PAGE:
s you’ve probably noticed, there’s a lot going on at Twitter at the moment. If the thought of a social network helmed by Elon Musk has you seriously considering quitting the platform for greener pastures—perhaps you’re not keen on paying for features that used to be free—we’ve pulled together some of the leading alternatives out there.
Obviously, there’s not a perfect Twitter clone you can jump to that would give you everything Twitter does in exactly the same way, but hopefully these alternatives can give you something similar—or at least something that satisfies whatever scratch Twitter is currently itching for you, whether it’s the community aspect, the memes, or the breaking news coverage.
Mastodon is the social network that’s perhaps gaining the most traction in the wake of the Musk Twitter takeover, and it’s the one that offers the most Twitter-like experience, as well. Take a look at the Explore page and you’ll see what at first glance could be a reskinned version of the Twitter homepage.
One of the appealing aspects of Mastodon is that it’s decentralized, so it can’t be controlled by a single entity. It’s made up of multiple servers (or “instances”) that are managed by users, and that means it’s a bit trickier to sign up for—you have to choose a specific server to begin with, for example, and you can even create your own.
It’s much more bespoke in terms of topics, communities, moderation and funding (with server running costs often crowdfunded through Patreon)—and it’s also of course much smaller, which means less content on the topics you’re interested in. If you’re willing to invest the extra time and effort, though, you might well find that Mastodon gives you the Twitter-but-in-its-early-days experience you’re looking for.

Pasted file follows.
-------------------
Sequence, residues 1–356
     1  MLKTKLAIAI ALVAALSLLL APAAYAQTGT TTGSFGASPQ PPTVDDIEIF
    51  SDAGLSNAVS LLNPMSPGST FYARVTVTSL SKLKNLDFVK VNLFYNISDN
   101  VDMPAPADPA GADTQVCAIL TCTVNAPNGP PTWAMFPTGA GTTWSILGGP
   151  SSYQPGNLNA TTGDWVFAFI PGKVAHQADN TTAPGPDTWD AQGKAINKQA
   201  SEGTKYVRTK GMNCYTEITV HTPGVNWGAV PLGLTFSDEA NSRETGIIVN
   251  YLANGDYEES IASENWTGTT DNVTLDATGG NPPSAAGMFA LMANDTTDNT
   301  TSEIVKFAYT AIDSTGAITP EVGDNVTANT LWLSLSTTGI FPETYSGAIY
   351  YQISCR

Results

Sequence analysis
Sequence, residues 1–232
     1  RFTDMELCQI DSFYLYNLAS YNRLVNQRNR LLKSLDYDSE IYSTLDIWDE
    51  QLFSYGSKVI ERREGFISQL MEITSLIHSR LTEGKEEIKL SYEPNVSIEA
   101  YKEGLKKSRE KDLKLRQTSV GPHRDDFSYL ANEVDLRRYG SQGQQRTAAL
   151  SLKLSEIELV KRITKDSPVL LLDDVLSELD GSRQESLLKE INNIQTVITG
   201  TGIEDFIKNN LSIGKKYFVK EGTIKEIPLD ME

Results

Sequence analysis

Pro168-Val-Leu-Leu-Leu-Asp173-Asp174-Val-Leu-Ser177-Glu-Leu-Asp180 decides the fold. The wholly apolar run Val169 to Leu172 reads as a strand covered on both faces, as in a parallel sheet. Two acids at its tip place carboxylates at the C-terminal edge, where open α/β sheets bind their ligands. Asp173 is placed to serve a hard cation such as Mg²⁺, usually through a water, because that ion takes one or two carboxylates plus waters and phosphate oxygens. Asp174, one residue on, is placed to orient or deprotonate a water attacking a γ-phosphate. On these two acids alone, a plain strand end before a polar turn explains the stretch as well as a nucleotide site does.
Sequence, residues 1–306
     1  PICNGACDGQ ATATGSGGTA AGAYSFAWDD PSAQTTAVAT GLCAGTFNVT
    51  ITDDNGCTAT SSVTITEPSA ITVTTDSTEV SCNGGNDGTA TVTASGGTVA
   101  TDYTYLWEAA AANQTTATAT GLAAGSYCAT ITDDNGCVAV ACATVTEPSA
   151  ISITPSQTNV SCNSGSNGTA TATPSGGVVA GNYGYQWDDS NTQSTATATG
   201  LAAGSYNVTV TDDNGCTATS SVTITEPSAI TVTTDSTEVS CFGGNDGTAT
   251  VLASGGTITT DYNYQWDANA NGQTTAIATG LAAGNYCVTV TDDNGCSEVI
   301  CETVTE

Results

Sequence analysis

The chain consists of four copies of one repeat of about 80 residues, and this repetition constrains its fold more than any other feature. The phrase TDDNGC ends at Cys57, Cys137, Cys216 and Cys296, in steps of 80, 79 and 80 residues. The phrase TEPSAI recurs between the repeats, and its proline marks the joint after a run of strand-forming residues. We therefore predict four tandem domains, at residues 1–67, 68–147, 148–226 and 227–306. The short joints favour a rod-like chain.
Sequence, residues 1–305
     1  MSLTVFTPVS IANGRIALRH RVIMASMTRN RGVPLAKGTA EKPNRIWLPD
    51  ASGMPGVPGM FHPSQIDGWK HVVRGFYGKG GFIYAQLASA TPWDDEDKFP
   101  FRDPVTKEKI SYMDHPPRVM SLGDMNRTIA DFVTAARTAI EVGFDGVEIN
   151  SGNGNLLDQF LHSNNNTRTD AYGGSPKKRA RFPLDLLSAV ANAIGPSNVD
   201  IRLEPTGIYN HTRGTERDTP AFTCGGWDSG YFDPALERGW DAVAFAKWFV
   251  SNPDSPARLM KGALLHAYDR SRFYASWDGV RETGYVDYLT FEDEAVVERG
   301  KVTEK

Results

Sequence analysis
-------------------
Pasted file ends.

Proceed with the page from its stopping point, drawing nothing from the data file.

Believe it or not, Tumblr has been around since 2007, just a year after Twitter first appeared on the scene. In place of tweets, there are short blog-style posts, but they can be text, images, audio, video, chats or quotations—it’s a more varied place than Twitter, and offers more flexibility while remaining simple to set up and use.
The community features are well put together, with the options to follow, be followed, like, comment and repost all available, and your experience on the network is going to largely be determined by the other Tumblrs that you choose to follow: You can have nothing but Succession memes or nothing but Mediterranean food; it’s really up to you.
There are numerous search and tag features to help you surface the content you’re interested in, as well as controls over the visibility of your posts to other users. The network is free to use without any restriction, but you can opt to pay $5 a month for an ad-free experience if you want to.
Reddit has an entirely different structure and set of features than Twitter, but at the same time, it can deliver a lot of what Twitter delivers: Running commentaries on breaking news, places to discuss popular culture, online distractions to pass the time of day, and space to meet like-minded people.